The essential question that arises in connection with the application of the Law is whether the confiscatory tax rate of 75% imposed by this Law can be legitimately applied in the case when it is not proven, nor there is reasonable suspicion that the property was acquired by committing criminal acts. An extremely high rate of special tax could make sense in case of reasonable suspicion that the property was acquired by committing criminal acts, because in that way the defendant would be deprived of three quarters of what he saved if he is charged with committing a criminal act. In that case, the defendant will certainly not explain the manner of acquiring discussed property, because that could practically lead to confession of committing a criminal act.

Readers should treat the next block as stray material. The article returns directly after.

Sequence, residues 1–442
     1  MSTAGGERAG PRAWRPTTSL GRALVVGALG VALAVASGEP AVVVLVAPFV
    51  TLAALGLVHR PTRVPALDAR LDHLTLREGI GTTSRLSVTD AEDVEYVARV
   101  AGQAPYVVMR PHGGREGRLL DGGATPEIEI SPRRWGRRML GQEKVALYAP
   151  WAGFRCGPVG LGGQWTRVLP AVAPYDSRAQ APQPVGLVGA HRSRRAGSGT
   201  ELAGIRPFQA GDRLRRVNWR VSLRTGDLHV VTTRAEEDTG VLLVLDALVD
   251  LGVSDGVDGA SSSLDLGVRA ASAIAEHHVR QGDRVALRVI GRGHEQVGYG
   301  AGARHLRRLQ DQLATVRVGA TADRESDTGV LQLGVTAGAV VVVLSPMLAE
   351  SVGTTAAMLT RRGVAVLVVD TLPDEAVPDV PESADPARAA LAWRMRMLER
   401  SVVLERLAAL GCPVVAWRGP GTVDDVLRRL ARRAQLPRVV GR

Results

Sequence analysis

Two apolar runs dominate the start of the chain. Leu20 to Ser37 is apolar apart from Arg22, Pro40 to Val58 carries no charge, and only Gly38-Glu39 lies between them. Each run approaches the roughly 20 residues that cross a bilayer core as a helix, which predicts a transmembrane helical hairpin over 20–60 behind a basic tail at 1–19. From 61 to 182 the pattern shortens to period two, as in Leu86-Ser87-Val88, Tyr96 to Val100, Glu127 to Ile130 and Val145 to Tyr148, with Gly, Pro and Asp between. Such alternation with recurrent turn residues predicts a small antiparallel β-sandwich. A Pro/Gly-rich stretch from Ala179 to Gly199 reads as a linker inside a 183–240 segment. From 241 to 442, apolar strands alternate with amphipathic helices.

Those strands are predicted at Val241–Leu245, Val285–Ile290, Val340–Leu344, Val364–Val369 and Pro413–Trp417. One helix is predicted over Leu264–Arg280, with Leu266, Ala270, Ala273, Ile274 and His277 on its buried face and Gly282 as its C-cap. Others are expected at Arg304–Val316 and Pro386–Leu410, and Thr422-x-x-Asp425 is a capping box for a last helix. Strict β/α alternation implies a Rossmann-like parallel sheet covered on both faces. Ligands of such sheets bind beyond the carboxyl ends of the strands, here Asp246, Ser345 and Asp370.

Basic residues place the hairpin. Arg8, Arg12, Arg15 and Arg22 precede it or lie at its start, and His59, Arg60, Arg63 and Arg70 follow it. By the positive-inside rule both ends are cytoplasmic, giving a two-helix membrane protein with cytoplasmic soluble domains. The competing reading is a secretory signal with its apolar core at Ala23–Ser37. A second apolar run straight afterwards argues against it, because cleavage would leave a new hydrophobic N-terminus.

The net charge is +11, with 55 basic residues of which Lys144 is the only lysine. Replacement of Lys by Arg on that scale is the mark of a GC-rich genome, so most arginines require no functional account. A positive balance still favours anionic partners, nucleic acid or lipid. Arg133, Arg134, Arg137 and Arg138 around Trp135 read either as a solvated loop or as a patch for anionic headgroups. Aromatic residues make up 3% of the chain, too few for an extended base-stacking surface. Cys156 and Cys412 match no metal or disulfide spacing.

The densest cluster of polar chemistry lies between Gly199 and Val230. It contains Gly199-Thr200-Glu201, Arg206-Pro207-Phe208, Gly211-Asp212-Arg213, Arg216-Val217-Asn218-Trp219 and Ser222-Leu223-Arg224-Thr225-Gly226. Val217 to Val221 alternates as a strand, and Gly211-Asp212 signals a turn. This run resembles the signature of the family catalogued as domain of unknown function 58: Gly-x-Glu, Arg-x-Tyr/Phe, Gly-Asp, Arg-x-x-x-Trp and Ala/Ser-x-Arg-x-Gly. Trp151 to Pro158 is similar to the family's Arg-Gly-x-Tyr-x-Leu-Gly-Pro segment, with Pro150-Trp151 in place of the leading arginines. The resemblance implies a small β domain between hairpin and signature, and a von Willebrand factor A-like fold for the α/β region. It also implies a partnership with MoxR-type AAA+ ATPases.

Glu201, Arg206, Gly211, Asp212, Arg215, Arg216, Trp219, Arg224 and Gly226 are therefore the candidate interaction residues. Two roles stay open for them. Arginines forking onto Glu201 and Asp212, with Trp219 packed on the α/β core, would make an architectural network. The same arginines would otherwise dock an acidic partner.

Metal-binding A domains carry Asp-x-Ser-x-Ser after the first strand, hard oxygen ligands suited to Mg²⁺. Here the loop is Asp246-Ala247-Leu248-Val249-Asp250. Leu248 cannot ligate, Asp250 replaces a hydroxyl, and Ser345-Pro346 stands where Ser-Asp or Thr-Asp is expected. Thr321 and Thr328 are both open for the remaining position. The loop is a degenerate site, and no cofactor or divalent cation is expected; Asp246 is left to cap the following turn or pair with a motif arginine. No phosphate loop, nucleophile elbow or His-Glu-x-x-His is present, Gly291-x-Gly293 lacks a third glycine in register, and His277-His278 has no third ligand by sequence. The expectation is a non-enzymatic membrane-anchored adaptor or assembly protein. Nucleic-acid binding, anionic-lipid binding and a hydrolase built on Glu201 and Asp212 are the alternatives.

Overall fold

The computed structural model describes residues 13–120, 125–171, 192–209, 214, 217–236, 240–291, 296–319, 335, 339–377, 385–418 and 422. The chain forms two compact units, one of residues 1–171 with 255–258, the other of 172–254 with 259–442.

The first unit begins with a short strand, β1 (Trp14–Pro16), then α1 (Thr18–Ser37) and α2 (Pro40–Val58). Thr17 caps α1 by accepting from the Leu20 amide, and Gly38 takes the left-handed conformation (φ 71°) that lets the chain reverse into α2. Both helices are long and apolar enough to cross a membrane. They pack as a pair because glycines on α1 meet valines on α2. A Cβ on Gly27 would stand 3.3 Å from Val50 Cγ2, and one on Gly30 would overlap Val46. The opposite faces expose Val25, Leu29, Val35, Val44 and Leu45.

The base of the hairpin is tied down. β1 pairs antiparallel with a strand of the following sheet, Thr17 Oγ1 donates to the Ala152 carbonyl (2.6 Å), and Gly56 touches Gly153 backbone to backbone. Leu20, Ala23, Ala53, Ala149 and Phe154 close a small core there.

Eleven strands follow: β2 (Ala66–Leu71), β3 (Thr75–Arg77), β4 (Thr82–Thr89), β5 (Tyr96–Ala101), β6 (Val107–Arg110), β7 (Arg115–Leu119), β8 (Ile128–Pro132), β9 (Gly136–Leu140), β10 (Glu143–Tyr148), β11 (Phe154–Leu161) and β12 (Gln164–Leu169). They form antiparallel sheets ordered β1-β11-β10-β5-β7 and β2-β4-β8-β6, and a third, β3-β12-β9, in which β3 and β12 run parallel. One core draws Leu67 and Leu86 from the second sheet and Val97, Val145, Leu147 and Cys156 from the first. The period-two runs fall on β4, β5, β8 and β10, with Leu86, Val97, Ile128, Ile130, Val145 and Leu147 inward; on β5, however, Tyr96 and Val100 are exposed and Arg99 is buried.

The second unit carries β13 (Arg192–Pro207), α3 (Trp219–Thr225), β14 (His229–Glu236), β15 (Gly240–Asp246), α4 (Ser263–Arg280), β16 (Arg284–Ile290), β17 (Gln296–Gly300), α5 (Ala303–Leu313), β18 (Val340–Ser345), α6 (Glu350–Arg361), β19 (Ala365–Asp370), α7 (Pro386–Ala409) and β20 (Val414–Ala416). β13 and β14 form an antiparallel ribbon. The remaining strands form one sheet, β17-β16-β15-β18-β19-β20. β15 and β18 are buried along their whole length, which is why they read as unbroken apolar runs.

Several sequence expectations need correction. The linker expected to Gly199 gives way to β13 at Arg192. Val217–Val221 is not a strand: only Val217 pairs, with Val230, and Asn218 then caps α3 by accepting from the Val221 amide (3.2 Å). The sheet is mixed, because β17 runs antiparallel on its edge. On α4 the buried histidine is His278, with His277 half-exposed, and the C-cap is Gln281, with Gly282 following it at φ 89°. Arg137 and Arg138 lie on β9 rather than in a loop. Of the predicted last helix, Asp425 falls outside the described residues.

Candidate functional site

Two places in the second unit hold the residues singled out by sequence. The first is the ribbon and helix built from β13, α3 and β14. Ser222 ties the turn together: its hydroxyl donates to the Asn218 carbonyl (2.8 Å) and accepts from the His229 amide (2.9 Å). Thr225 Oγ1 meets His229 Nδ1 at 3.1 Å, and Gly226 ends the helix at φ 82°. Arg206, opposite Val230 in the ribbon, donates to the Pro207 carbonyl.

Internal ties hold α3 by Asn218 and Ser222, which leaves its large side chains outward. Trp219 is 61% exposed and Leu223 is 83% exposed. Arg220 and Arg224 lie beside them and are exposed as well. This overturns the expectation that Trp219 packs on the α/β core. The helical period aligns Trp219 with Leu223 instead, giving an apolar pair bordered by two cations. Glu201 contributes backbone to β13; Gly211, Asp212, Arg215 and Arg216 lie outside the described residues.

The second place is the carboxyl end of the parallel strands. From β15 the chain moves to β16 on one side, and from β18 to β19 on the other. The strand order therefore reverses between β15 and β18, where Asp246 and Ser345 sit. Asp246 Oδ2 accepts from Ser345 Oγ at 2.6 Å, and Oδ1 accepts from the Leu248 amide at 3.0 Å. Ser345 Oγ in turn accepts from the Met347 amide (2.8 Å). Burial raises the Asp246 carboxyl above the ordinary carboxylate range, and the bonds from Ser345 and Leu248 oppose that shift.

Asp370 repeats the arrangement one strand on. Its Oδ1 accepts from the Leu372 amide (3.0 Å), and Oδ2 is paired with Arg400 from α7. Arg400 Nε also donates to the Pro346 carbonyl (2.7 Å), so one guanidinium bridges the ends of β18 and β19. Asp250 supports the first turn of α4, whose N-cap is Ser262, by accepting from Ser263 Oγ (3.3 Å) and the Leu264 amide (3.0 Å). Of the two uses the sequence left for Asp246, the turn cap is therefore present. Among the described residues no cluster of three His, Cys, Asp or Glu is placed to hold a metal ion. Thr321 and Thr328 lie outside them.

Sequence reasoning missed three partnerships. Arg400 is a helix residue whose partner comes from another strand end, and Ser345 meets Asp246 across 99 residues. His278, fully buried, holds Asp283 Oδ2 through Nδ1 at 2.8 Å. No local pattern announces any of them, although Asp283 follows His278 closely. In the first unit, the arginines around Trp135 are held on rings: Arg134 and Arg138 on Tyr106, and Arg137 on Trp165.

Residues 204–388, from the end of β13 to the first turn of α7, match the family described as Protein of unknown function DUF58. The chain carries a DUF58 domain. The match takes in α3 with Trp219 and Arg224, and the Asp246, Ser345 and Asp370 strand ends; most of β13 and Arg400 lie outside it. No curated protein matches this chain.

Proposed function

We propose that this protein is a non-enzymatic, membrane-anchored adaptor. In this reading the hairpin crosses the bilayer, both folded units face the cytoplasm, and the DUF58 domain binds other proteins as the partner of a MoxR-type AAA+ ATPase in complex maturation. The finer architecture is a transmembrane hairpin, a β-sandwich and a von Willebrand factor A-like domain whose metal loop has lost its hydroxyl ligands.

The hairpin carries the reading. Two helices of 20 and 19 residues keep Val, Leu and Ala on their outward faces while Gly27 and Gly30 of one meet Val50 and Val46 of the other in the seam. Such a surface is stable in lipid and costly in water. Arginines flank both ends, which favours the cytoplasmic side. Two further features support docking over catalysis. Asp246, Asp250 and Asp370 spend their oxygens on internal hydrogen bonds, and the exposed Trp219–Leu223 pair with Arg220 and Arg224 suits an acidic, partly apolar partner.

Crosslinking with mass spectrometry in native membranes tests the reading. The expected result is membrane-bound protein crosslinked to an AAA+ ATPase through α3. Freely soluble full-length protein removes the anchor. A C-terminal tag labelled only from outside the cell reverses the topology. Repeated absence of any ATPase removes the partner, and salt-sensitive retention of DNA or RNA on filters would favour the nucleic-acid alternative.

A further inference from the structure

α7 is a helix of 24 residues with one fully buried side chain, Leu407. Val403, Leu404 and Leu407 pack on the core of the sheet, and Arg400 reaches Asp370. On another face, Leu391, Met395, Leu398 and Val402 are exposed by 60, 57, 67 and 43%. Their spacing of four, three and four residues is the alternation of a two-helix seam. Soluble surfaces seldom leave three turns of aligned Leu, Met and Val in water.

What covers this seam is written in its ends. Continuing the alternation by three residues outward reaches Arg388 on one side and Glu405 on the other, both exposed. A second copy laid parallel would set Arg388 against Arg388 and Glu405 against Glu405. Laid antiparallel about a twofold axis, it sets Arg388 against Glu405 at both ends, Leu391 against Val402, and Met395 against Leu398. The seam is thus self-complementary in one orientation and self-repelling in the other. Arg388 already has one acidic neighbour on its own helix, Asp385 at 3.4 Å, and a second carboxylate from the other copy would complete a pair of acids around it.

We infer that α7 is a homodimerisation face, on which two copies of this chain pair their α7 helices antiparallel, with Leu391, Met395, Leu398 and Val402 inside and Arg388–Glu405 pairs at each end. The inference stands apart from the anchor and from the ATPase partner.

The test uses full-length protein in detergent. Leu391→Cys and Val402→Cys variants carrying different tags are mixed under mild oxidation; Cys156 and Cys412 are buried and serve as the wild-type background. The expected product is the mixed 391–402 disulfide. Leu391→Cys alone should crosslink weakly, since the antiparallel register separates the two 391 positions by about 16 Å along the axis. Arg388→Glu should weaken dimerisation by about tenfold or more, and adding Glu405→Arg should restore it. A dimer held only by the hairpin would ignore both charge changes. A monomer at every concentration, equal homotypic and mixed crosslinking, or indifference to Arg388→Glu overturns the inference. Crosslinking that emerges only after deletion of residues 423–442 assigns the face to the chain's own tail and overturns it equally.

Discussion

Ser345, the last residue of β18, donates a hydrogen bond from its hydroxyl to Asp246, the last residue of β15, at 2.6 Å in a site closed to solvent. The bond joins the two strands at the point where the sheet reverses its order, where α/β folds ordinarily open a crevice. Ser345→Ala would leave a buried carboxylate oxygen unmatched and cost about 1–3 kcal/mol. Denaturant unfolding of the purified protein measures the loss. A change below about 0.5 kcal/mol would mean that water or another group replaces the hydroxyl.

The property that is potentially subject to inspection in accordance with the Law is the entire property of a natural person, both in the Republic of Serbia and abroad, whether registered or not. However, it is unclear how taxpayer’s assets abroad would be inspected. Also, the Law does not regulate the status of property acquired and/or alienated free-of-charge (inheritance and gift), and thus taxpayers, whose intention is to remain outside the domain of potential inspection by TAU, are potentially left with the option to distribute their assets within immediate or wider family, through available legal transactions.